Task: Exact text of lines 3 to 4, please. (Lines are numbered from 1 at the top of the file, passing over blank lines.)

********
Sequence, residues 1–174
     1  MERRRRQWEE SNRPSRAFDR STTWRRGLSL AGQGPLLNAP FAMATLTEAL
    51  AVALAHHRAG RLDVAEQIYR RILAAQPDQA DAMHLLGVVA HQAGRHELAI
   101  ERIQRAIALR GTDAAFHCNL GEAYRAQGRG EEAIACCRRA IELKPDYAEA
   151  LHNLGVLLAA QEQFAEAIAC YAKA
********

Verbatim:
    51  AVALAHHRAG RLDVAEQIYR RILAAQPDQA DAMHLLGVVA HQAGRHELAI
   101  ERIQRAIALR GTDAAFHCNL GEAYRAQGRG EEAIACCRRA IELKPDYAEA